“Winning is what it is all about… The day I become satisfied with losing, is probably the day I should get out of this business.”
by Murray Brown
There are many aspects of this life of ours of great importance; chief among them are health, family and quality of life. Aside from those essentials, one stands out for Ronnie Burke that can be described in one word: winning.
“Winning is what it is all about — the more the better. Don’t get me wrong, if you are involved in harness racing, or most racing, you are going to lose more races than you are going to win. My job is to raise those numbers and expectations. The day I become satisfied with losing, is probably the day I should get out of this business.”
Harness racing’s all-time money-winning trainer year after year after year is never satisfied. His feats and numbers are without comparison. When it comes to numbers of races won and money earned by his charges, nobody has ever been close. Moreover, he covers all aspects of the sport. Whether it is with overnight horses, the development of young stakes horses and now even with the standing of stallions, ownership of broodmares and breeding their own yearlings, the combination of all these entities, the Burke operation stands alone. Ronnie is clear to point out that it is an operation composed of numerous parts.
“I might be the face of it, but there are numerous people without whose participation we could not function as we do, let alone doing so successfully. It’s a team effort with every member of the team contributing.”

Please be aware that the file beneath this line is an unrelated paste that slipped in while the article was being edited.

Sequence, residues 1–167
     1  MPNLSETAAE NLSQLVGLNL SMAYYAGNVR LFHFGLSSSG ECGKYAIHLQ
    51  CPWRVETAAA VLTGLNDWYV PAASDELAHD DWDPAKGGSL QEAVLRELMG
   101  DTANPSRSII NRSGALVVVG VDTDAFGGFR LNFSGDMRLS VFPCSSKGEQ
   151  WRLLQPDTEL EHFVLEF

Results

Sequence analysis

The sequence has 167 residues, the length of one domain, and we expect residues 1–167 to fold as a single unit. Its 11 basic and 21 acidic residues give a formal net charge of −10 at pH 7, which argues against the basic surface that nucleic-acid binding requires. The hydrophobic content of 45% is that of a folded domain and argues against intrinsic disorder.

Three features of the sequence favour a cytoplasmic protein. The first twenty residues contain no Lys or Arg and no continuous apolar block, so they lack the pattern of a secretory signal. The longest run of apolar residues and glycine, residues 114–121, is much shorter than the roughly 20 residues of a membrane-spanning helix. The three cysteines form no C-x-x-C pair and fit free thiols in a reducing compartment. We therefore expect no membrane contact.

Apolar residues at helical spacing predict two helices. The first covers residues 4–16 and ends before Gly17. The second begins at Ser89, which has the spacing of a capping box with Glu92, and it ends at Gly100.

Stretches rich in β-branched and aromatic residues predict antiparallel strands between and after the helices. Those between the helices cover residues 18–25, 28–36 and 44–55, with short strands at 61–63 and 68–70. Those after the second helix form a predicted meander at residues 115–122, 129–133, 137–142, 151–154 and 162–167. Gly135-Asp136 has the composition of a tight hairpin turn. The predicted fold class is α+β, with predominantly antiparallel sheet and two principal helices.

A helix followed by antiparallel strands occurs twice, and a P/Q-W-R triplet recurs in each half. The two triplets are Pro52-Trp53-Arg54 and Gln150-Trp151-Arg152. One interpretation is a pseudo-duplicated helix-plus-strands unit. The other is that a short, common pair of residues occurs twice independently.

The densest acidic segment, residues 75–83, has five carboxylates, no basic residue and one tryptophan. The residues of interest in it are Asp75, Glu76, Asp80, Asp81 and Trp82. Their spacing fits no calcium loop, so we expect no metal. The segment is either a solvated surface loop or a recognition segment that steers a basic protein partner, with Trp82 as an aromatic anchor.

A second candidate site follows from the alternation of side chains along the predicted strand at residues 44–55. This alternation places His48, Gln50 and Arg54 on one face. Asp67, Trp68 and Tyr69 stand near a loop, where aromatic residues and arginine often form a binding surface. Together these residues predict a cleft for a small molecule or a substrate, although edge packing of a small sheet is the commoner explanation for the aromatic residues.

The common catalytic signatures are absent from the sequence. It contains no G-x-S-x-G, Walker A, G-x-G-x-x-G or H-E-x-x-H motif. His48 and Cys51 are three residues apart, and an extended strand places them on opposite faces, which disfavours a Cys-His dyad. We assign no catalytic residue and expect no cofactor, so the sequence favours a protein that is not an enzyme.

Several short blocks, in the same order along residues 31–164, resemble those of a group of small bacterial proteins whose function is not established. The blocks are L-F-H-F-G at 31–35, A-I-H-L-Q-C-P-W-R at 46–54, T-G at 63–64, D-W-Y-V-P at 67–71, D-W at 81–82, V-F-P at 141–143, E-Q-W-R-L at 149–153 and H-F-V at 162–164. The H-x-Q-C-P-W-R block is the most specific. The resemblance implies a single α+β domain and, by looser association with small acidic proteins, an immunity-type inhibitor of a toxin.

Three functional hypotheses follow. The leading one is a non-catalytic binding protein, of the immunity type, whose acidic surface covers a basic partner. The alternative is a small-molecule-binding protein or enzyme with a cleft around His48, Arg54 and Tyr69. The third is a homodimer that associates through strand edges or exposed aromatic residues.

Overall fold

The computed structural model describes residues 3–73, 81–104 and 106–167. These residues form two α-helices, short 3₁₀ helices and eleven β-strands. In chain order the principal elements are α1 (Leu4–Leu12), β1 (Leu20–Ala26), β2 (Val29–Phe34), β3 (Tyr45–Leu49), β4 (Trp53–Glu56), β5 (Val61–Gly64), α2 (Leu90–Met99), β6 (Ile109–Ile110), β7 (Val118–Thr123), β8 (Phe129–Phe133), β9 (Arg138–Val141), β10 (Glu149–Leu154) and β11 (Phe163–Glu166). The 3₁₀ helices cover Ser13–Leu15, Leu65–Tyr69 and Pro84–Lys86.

Since you mentioned the word “team,” let’s start there. Who are the team members and what are their functions?
“I’ll start at the top with the team’s most important member, my dad Mickey, Sr. He is the font from which all the success that we have enjoyed flows. He is the person who started the business and had the foresight to envision what it might eventually become. It wasn’t an easy decision by him to become a full-time harness racing trainer. He was in the automobile business and was reasonably successful at it. He had also dabbled in show horses and jumpers. He started his stable with two cheap horses and it grew from there. Even though he is now 85, he still rides every day and is the person most involved with the breaking and education of the yearlings that we train.
“Then there is my mom, Sylvia, who handles most of the business aspects of the operation. She sends out and pays all of our bills. She also coordinates the staking and shipping of all the horses. My brother Mickey Jr and sister Michelle are trainers with Mickey often being on the road with our better stakes horses. He ships them and also trains them in preparation for their upcoming events.